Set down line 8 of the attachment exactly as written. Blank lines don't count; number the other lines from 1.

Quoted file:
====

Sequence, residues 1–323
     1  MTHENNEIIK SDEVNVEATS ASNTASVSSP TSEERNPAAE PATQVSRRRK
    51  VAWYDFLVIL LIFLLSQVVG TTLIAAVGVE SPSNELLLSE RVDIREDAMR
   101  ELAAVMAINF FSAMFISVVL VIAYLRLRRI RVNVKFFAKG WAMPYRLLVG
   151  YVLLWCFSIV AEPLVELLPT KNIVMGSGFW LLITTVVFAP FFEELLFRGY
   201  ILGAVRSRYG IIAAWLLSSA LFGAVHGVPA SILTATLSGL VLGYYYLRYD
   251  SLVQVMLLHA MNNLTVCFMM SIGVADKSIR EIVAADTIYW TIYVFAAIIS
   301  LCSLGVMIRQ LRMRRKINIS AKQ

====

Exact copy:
   301  LCSLGVMIRQ LRMRRKINIS AKQ